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Lymphoma and Plasma Cell Neoplasms


Other iatrogenic immunodeficiency-associated lymphoproliferative disorders

Reviewer: Dragos Luca, M.D. (see Reviewers page)
Revised: 23 January 2012, last major update January 2012
Copyright: (c) 2001-2012, PathologyOutlines.com, Inc.


● Lymphoid proliferations or lymphomas that arise in patients treated with immunosuppressive drugs for autoimmune diseases or conditions other than in the allograft/autograft transplant setting (WHO, 2008)


● Spectrum from polymorphic proliferations resembling polymorphic post-transplantation lymphoproliferative disorders (P-PTLD) to cases that fulfil the criteria for diffuse large B cell lymphoma, other B-cell lymphomas, peripheral T/NK-cell lymphomas or classical Hodgkin lymphoma


● Frequency not well known, difficult to differentiate if due to iatrogenic immunosuppression, underlying disorder or chance
● Rate probably is based on presence of underlying disease (rheumatoid arthritis, inflammatory bowel disease, psoriasis and psoriatic arthritis) and particular drug taken
● First drug reported in this context is methotrexate, predominantly in the setting of rheumatoid arthritis
● Striking association between hepatosplenic T cell lymphoma and young patients with Crohn's disease treated with infliximab plus azathioprine or 6-mercaptopurine



● EBV infection, although rate varies from 40% in rheumatoid arthritis cases treated with methotrexate, 80% in Hodgkin lymphoma, 25% in diffuse large B cell lymphoma, 0% in hepatosplenic T cell lymphoma
● Other important factors are chronic inflammation, chronic antigen stimulation, genetic background
● Patients with rheumatoid arthritis have 2-20x risk of lymphoma even in the absence of methotrexate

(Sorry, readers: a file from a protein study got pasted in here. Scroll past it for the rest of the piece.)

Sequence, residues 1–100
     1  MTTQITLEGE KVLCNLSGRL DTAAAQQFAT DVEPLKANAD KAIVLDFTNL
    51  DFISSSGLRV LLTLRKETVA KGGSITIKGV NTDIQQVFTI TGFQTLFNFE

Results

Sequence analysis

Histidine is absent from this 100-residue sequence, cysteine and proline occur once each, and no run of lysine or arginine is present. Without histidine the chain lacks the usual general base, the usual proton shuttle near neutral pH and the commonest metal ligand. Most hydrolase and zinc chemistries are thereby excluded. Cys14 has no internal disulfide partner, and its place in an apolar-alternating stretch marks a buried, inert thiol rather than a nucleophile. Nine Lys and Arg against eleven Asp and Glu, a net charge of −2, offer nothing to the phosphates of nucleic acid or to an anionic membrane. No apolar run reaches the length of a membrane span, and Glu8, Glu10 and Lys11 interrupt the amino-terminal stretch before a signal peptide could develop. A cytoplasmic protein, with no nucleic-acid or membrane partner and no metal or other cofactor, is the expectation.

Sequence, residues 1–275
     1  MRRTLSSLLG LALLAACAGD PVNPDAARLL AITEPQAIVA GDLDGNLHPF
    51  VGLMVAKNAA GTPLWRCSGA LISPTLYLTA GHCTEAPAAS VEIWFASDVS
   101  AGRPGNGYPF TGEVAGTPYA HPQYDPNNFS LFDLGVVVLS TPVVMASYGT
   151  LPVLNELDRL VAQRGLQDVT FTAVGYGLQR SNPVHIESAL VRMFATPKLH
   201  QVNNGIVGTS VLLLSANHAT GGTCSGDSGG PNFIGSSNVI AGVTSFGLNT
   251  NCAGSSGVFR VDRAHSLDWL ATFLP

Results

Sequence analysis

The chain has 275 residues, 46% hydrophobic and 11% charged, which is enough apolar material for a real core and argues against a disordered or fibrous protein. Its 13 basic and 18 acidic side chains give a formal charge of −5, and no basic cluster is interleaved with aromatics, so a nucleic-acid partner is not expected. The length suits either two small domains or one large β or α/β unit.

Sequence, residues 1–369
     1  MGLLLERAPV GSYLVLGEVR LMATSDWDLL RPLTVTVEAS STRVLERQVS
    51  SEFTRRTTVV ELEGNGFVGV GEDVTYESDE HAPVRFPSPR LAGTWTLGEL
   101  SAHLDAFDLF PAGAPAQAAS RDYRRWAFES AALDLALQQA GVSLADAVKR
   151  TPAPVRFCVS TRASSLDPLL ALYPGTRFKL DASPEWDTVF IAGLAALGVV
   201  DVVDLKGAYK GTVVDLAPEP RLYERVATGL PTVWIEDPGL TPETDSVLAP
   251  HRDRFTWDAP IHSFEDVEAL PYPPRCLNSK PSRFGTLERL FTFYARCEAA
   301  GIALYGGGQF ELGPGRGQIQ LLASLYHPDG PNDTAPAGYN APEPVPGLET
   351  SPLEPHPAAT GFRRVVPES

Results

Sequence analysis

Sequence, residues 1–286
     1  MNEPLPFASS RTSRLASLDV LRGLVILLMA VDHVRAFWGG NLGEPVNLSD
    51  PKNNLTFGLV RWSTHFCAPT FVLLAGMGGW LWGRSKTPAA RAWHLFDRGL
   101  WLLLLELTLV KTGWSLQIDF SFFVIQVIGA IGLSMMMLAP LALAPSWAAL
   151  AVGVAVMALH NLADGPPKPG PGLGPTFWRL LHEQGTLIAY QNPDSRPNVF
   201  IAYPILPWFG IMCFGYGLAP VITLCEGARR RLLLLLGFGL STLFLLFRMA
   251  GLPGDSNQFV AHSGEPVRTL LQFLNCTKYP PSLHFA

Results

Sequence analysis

● Hepatosplenic T cell lymphoma not common in older patients receiving infliximab for inflammatory bowel disease or rheumatoid arthritis


● Patients treated with methotrexate: 40-50% extranodal (GI, skin, liver, spleen, lung, kidney, thyroid, bone marrow, soft tissue)
● Hepatosplenic T cell lymphoma patients with Crohn's disease patients treated with infliximab: usually spleen, liver, bone marrow

Clinical features

● Similar to immunocompetent patients with the same type of lymphoma

Treatment and prognosis

● Regression after drug withdrawal occurs in a significant proportion of patients with methotrexate-associated lymphoproliferate disorders (majority in EBV+ cases)
● Regression rates: diffuse large B cell lymphoma up to 40%, classical Hodgkin lymphoma up to 30%; most require chemotherapy with an overall survival for diffuse large B cell lymphoma of 50%; following initial regression after drug discontinuation, some patients have recurrences and require chemotherapy
● Regression is rare for disease due to TNFα blockers
● Hepatosplenic lymphoma due to infliximab is usually fatal, similar to regular HSTL


Micro description

● Different distribution of histologic types when compared to other immunodeficiency settings
● Probable increase in Hodgkin lymphoma and Hodgkin lymphoma-like lymphoid proliferations
● For patients treated with methotrexate: diffuse large B cell lymphoma (35-60%), classical Hodgkin lymphoma (12-25%, usually mixed cellularity), follicular lymphoma (5-10%), also Burkitt lymphoma, MALT lymphoma and peripheral T cell lymphoma; P-PTLD or P-PTLD-like infiltrates in ~15%

Micro Images

Diffuse large B cell lymphoma in metrotrexate treated rheumatoid arthritis (fig.1)

Nodular sclerosing classic Hodgkin lymphoma in metrotrexate treated dermatomyositis (fig.2)


● Similar to corresponding lymphomas in non-immunocompromised patients

Genetics & molecular

● Similar to corresponding lymphomas in non-immunocompromised patients

Additional references

N Engl J Med 1993;328:1317, Arthritis Rheum 2007;56:1433, Inflamm Bowel Dis 2007;13:1024
Arthritis Rheum 2002;46:3151, Arthritis Rheum 2003;48:1543, Int J Cancer 2000;88:497, Blood 2002;99:3909

End of Lymphoma and Plasma Cell Neoplasms > Other > Other iatrogenic immunodeficiency-associated lymphoproliferative disorders

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